What? The TITANIC SANK 100 YEARS AGO? Bloody hell, I mean there hasn't been any reports of it in any kind on the television, or other forms of news media has there?
THAT'S RIGHT I WAS BEING SARCASTIC. The Titanic disaster has been practically unavoidable. There have been souvenir copies of newspapers full of stories about how many had died, there have been documentaries like Nazi Titanic and The Final Word with James Cameron that dwell on how it all sank, there have been debates and articles about it's legacy and what it all means. And that's before we even get to the Titanic drama on ITV, with production values so low it feels as if the boat isn't out at sea, it is actually positioned in an overflow car park.
But of course reporting, reviewing and 'drama-ing' the tragedy isn't unsuitable is it? We all aren't gawping at the history of the tragedy in the same way that we gawp at a traffic incident on the motorway that involves a beaten up Ford Fiesta... Are we?
Well... let's have a look at what's on later this week.
One popular way to follow the tragedy is via. @TitanicRealTime, a Twitter account with 66,000 followers, that allows us to "experience Titanic's epic journey by minute-by-minute tweets". You would think from a first glance that this would be an educational resource that would tell you how the disaster developed, but no, as it started at the start of the mission you get tweets from passengers such as "Barely slept last night. The beds were comfortable but the excitement is just too much!" and "Received a wireless message from La Touraine warning us of a thick ice-field, shouldn't be a problem according to the captain!" What response do you immediately think of when you see it pop on your news-feed? Only four words - YOU. GUYS. ARE. FUCKED.
It's a bit disturbing when you think about it - the fact that when you are in a nightclub or at home late on Saturday night, in between of banter of The Voice and X Factor or any random bollocks, you'll see 'pretend' tweets of fictional people going "ARGH ARGH WE'RE DYING WE'RE DYING WE'RE DYING" in real-time, 100 years ago. But of course we want to learn, not be entertained. Not be entertained or gawping like during certain films in the Saw franchise. OH NO.
Titanic on Radio 2
If that doesn't fit your bill, why won't you have a listen to Titanic: Minute by Minute on Radio 2? That's right, starting at 11.30 this Saturday night you'll be able to listen to the whole disaster minute-by-minute on the nation's favourite music radio station!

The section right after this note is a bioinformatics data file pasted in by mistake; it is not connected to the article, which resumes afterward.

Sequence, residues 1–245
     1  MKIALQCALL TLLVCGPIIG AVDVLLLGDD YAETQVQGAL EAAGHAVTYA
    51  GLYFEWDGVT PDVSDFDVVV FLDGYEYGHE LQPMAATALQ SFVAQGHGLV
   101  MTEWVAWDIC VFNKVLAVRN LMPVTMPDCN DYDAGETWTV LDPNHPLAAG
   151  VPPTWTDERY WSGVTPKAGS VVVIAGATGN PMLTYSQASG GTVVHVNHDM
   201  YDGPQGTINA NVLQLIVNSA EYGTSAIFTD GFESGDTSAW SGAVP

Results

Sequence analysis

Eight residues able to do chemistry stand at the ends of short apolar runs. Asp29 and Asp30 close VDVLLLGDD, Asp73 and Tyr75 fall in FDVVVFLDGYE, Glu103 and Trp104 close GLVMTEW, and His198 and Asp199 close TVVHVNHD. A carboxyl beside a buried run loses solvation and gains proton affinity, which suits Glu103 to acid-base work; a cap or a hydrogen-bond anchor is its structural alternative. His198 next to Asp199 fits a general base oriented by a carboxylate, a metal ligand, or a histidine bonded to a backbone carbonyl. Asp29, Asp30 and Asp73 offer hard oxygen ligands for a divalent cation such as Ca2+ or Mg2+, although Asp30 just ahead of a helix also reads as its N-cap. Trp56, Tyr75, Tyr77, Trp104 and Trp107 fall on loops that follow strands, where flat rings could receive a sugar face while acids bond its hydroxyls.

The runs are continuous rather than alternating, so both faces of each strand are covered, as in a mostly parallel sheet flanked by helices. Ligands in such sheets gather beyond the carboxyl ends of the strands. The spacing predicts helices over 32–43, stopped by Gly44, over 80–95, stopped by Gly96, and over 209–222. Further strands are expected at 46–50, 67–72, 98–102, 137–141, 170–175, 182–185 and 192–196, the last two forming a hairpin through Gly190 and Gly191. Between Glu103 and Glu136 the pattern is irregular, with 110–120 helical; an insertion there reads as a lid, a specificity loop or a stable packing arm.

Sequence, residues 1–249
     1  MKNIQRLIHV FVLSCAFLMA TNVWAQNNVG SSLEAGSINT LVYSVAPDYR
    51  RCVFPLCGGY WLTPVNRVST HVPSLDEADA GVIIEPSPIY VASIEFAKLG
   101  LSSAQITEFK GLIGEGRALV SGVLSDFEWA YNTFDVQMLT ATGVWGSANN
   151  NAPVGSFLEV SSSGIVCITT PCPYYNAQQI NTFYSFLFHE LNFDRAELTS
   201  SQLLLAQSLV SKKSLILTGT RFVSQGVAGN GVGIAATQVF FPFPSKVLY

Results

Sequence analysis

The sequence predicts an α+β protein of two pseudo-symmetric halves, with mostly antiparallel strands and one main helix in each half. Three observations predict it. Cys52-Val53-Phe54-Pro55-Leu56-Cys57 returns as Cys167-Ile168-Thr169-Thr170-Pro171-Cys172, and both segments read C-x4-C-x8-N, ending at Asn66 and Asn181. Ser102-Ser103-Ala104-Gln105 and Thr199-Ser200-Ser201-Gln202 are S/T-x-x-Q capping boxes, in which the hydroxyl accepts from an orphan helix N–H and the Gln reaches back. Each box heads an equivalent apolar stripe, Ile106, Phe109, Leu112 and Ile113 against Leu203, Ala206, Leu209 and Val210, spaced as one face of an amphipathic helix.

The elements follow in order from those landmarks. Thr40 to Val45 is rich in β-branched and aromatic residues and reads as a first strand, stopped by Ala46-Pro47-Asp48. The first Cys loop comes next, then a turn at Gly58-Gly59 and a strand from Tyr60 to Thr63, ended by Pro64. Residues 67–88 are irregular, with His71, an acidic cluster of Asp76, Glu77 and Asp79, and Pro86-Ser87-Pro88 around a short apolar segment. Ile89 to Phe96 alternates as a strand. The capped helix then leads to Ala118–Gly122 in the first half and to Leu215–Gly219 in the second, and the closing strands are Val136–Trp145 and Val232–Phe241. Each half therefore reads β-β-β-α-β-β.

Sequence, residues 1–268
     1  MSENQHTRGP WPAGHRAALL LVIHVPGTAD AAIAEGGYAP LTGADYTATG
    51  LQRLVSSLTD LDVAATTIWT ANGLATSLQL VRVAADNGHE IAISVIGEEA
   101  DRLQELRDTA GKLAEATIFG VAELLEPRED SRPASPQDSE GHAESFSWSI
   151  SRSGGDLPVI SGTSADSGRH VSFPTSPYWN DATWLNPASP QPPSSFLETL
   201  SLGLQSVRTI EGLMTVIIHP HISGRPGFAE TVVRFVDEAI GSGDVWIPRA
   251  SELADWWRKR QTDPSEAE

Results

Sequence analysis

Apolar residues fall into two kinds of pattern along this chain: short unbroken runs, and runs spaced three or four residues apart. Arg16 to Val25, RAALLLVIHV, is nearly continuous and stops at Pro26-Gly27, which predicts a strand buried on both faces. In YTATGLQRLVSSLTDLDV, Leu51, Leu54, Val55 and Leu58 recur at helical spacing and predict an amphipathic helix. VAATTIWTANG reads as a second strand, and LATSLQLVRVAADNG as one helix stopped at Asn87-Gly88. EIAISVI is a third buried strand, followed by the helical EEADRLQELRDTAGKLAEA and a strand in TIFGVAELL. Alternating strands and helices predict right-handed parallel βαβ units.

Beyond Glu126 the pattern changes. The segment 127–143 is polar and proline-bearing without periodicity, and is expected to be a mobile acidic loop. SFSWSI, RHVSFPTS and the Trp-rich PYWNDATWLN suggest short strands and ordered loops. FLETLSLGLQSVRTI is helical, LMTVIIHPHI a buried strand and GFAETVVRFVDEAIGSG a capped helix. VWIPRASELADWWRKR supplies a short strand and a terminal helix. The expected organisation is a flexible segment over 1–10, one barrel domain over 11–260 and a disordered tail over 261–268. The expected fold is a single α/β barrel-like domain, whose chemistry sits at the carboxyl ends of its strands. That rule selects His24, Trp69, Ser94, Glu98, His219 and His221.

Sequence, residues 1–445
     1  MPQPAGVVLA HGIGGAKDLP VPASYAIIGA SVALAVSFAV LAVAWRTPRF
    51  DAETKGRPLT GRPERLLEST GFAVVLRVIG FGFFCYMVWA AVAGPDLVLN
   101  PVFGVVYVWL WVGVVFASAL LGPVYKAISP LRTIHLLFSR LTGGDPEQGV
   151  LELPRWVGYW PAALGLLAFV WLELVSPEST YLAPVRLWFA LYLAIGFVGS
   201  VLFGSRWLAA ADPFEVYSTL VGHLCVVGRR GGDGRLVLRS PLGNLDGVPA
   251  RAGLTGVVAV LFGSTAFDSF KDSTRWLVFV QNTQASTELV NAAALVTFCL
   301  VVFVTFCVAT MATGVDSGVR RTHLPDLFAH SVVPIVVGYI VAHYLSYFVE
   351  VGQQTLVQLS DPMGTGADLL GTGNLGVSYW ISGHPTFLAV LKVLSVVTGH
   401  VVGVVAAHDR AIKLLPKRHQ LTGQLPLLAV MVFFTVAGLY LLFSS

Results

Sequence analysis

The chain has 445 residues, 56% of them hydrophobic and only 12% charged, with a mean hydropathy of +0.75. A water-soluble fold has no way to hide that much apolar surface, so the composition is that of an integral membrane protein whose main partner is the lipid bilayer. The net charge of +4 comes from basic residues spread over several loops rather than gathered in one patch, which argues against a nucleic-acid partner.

Now as it is live no preview discs are available, and I have to admit this does sound a whole lot more inventive than the normal Radio 2 late-night output of bagpipes on loop for several hours. However I am concerned by the fact that this disaster radio will be presented by Dermot O'Leary, who is best known for presenting The X Factor and not necessarily the sinking of large nautical vessels... with Penny Smith, from the heyday GMTV alongside Jeremy Vine.
Titanic... THE MEMORIAL CRUISE
Then there is the Titanic Memorial Cruise... a boat that is following the very same journey that the Titanic did 100 years ago (but of course going the whole way).
People paying thousands of pounds and travelling the same route and stopping at the same spot is a major tragedy, with many dressing up and frolicking around in the very same clothing on that era (like dodgy extras from Downton). This is a suitable way to cover the tragedy, apparently.
The media is lapping it up. The Guardian has been reporting it set sail, the BBC has a film crew on board flaunting the outfits that people are wearing on the cruise... Daily Mail too... with little criticism about whether it is right to do it at all.
I mean in 100 years, will dressing up in the clothes as we wore in this time and recreating a suitable way for us to pay respect? Is it the fact that as the last Titanic survivor has died as of 2009, the rawness of the tragedy has been removed slightly? Possibly it's the fact that as of course there is no live camera footage we aren't connected to it as we are with modern day tragedies. I don't know.
What I find however, is that a great deal of the news coverage, social media and programmes this week aren't really an opportunity for us to fully evaluate the tragedy where 1,514 people died.
No. This is just disaster porn. Isn't it?